One of my lecturers finally settled this age old question for me; it's both! Gosh! I can't think of anybody who is completely on either side of the debate (correct me if I'm wrong) which would imply that everybody agrees that it's a bit of both, making her answer entirely useless. If the problem can be sorted out in two words then it should come as something of a surprise that two sensible people (who agree on a wide range of issues) can clash so badly on the topic.

I don?t want to get into it here but I have a serious question. Is a chess playing computer program that can learn from its past games a product of nature or nurture. A program put in the same position could play very differently (and entirely unpredictably) depending on who it?s playing and a host of other factors. This should mean that it is a product of nurture but my guess is that most people wont see it like that. I could be completely wrong though.

Get to a gym.

Tempted though I am to make excuses for last Sunday's match, my impression is that Federer wont beat Nadal till Nadal has an off day. It was a hard fought game but Nadal was significantly better. For all Federer's skill he needs to be able to hit winners without reaching the very limits of his power, that's why he had more than twice the number of unforced errors than Nadal. On other surfaces Federer doesn't need to generate all his own pace but on clay he has to do it himself. Roger needs to get to a gym.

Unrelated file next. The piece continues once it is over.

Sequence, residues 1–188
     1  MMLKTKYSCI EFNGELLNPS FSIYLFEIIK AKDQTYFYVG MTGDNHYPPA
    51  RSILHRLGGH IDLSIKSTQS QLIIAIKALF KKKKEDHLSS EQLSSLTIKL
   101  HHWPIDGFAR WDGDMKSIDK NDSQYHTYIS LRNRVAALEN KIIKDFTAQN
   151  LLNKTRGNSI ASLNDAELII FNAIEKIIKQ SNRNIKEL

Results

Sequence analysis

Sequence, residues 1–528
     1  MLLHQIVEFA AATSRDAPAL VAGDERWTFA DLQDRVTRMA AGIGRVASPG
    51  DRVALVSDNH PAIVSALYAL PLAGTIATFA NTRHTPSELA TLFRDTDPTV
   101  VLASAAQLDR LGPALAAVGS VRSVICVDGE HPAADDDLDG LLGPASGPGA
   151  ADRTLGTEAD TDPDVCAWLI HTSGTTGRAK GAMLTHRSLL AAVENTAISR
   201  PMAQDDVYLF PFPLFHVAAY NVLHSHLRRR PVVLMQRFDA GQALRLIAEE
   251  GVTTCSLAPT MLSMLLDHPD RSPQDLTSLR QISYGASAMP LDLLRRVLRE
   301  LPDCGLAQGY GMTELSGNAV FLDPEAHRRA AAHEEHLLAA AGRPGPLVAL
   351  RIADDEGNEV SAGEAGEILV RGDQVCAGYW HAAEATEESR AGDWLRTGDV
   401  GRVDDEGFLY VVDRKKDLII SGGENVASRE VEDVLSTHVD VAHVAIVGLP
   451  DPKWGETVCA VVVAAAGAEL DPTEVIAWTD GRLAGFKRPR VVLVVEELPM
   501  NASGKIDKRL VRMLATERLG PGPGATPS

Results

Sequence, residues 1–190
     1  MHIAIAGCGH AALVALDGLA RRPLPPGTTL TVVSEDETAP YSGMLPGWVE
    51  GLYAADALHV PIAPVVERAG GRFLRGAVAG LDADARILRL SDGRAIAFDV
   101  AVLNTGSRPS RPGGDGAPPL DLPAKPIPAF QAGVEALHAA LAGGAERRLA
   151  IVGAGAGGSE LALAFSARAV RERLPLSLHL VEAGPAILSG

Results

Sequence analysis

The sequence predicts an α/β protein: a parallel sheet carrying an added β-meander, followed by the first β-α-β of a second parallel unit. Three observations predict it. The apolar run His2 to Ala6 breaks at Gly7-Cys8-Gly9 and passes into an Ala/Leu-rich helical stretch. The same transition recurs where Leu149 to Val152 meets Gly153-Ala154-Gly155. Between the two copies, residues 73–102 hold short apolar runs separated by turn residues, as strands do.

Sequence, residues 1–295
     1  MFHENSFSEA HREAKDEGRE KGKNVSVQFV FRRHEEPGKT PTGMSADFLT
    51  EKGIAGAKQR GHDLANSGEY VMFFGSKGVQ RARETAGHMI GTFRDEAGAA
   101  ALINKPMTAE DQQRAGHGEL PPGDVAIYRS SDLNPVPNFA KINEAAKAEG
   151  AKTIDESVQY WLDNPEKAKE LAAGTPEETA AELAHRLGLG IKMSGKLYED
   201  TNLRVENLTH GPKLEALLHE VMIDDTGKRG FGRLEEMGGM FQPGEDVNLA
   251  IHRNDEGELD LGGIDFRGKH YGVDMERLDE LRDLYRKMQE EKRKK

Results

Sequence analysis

Dennett

Impressive character that I am, I'm listening to a Dan Dennett interview. The interviewer often tries to lead Dennett down a logical path that compels him to admit that there is a God "Good god! I've been wrong all this time!". Dennett often takes a while to answer. I assume this is to avoid making any sort of statement that religious people will pounce on. I got a glimpse of how tiring this must be; watching every utterance like a hawk as intelligent people try to trip them up.

Friday, April 28, 2006

is illegal immigration a bad thing?

A while back I blogged about my perception that people were focused on illegal immigration rather than the merits or demerits of immigration. I'm not the only one who finds this weird. Back in the day I can imagine people discussing the merits of slavery or allowing girls in school. People who pointed out that slavery was legal so therefore good would have annoyed the shit out of me.